The idea that parents and teachers should be directly and actively involved in children's education is a solid, old-fashioned notion that has been revived this year as one of the hot topics of national discussion. Educational "choice," giving parents the option of choosing which public schools their children will attend, is said to be the reason for leaps in reading scores and increased parent and teacher involvement in the once-languishing East Harlem school district. That district is regularly cited by the Bush Administration as the premier example of choice. But a close look at the East Harlem system, the only long-standing national example of choice, points out why it should not become the catch-all term to avoid the tough education-funding decisions that lawmakers and taxpayers must make.
The idea behind choice is that a free market system can work as well for schools as it does for private businesses; the good schools will attract more students and the ones that fall short will have to improve or perish. While the East Harlem students, teachers and parents do exude an infectious enthusiasm and pride in their now famous schools, Times writer Stanley Meisler found that it is not at all clear that instituting choice was the key factor in the improved test scores. Other factors, including the use of a different standardized test and an overall jump in scores throughout New York city, apparently played important roles.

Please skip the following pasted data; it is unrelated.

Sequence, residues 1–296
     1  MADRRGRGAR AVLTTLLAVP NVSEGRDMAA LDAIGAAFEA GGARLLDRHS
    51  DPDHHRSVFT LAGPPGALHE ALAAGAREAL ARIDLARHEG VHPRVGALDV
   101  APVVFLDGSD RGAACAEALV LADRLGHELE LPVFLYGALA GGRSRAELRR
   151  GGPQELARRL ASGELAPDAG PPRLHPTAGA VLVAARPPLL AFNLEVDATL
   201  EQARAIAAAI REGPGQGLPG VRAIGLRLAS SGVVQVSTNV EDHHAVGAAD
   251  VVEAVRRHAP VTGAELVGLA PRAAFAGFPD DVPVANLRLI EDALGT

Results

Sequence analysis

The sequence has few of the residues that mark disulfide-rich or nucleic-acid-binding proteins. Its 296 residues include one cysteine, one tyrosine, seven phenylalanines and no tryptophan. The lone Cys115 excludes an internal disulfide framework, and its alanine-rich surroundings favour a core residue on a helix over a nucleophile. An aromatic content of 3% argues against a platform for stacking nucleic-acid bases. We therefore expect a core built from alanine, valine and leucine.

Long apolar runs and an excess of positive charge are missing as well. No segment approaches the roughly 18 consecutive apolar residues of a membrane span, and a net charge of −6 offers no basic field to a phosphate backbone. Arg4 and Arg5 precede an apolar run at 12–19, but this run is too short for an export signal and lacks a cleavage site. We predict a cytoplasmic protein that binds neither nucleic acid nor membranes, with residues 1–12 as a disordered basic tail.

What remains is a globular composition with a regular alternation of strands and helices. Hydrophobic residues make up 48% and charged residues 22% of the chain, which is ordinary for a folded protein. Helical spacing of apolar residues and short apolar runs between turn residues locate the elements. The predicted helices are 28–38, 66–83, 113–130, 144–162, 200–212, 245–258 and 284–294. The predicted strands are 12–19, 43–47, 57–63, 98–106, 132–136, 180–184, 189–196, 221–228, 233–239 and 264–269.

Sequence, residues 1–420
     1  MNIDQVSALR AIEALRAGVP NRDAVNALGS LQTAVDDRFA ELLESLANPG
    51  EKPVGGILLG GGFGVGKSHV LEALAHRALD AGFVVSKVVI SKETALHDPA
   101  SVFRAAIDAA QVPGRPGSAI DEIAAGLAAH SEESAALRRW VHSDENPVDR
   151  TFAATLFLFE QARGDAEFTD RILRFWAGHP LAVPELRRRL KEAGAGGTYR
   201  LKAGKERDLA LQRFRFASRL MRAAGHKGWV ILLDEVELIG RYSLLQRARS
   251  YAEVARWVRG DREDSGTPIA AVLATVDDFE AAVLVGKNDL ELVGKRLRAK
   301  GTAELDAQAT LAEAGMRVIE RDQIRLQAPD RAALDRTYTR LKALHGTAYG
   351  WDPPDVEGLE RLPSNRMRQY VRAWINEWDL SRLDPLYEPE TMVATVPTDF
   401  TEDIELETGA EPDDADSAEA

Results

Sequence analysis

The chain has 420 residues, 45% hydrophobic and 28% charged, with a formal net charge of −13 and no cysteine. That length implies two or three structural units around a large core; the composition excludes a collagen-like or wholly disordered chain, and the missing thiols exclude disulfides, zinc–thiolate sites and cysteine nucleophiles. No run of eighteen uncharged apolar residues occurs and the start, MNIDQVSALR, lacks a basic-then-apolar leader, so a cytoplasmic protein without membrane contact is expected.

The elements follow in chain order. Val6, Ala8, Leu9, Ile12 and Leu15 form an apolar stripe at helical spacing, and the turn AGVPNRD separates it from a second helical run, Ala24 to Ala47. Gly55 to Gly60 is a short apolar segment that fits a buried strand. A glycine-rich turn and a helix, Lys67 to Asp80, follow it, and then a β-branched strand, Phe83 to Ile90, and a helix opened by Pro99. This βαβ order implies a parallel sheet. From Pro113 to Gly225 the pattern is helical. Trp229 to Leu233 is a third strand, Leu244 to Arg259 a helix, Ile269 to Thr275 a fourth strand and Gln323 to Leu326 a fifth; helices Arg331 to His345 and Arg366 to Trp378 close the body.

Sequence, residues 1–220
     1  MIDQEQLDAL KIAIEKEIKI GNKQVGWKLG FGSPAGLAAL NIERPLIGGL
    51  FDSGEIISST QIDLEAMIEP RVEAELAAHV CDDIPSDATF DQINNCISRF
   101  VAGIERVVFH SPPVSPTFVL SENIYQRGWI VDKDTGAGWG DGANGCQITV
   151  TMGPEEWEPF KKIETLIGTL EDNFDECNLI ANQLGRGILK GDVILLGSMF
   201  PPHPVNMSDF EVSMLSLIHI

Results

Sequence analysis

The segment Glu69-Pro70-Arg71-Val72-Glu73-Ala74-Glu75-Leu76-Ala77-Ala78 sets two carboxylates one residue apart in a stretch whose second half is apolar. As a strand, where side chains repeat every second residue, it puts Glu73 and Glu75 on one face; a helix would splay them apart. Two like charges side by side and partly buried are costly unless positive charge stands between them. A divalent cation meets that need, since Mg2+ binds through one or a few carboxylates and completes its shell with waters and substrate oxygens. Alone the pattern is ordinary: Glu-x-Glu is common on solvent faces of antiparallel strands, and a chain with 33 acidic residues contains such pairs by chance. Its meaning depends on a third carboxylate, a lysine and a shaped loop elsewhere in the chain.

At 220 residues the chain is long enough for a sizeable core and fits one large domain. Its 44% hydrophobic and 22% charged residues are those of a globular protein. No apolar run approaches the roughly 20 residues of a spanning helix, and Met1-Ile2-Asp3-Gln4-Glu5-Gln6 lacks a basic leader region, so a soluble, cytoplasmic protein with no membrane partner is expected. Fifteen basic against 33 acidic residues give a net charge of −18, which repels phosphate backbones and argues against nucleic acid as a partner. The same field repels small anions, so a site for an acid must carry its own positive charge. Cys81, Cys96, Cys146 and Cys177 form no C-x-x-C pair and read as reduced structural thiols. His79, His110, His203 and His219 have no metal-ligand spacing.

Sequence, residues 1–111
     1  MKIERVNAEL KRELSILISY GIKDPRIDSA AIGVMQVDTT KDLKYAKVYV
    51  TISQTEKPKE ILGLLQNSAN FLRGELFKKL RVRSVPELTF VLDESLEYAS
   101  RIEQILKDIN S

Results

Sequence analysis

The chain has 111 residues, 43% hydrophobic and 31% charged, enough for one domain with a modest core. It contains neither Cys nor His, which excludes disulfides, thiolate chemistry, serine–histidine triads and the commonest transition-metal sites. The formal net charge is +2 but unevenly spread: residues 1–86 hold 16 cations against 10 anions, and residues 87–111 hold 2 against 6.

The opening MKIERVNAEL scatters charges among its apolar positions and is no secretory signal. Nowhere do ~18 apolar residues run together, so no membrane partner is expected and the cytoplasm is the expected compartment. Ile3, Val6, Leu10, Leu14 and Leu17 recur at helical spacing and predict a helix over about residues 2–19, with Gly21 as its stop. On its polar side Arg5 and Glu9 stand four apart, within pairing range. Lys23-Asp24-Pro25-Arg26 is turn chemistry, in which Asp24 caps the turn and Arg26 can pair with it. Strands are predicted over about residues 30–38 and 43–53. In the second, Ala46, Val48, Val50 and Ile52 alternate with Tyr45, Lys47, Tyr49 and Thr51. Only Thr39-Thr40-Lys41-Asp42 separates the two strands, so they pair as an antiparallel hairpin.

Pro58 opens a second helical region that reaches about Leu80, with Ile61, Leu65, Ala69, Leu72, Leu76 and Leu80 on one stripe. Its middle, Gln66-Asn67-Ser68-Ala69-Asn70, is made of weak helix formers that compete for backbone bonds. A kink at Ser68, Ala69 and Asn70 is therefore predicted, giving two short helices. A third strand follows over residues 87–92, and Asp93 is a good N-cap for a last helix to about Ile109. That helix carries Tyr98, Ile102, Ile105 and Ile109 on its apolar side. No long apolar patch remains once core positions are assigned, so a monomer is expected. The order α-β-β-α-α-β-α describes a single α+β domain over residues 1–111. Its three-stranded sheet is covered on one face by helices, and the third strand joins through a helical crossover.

The parents of East Harlem know themselves that good will and parental involvement in a school are not enough: They assailed Secretary of Education Lauro F. Cavazos during a recent visit there because the federal government rejected the district's application for a $1.4-million magnet- school grant, leaving the local board to struggle to save 30 teaching and staff positions.
School-choice programs are being explored by some 20 states. Already in Richmond, Calif., Montclair, N.J., and the state of Minnesota, parents can choose another public school if they do not want their children to attend the neighborhood school. In Los Angeles, the magnet schools that focus on areas of interest and are designed to attract different ethnic groups citywide are a successful but limited example of choice.
The full-scale Minnesota program is being monitored to see how well the system works; there, as in an "open enrollment" program in Irvine, most parents so far have opted to keep their children in schools close to home. In East Harlem, even supporters of choice have been careful to point out its limitations. One of the early architects of the East Harlem system said that it worked there because it came gradually, one school at a time, and successful programs were kept small. That observation is a reminder that ideally a parent wants many excellent schools to chose from; but absent the ideal, it's far better for a school district to offer a few excellent programs than lots of slapdash poor choices.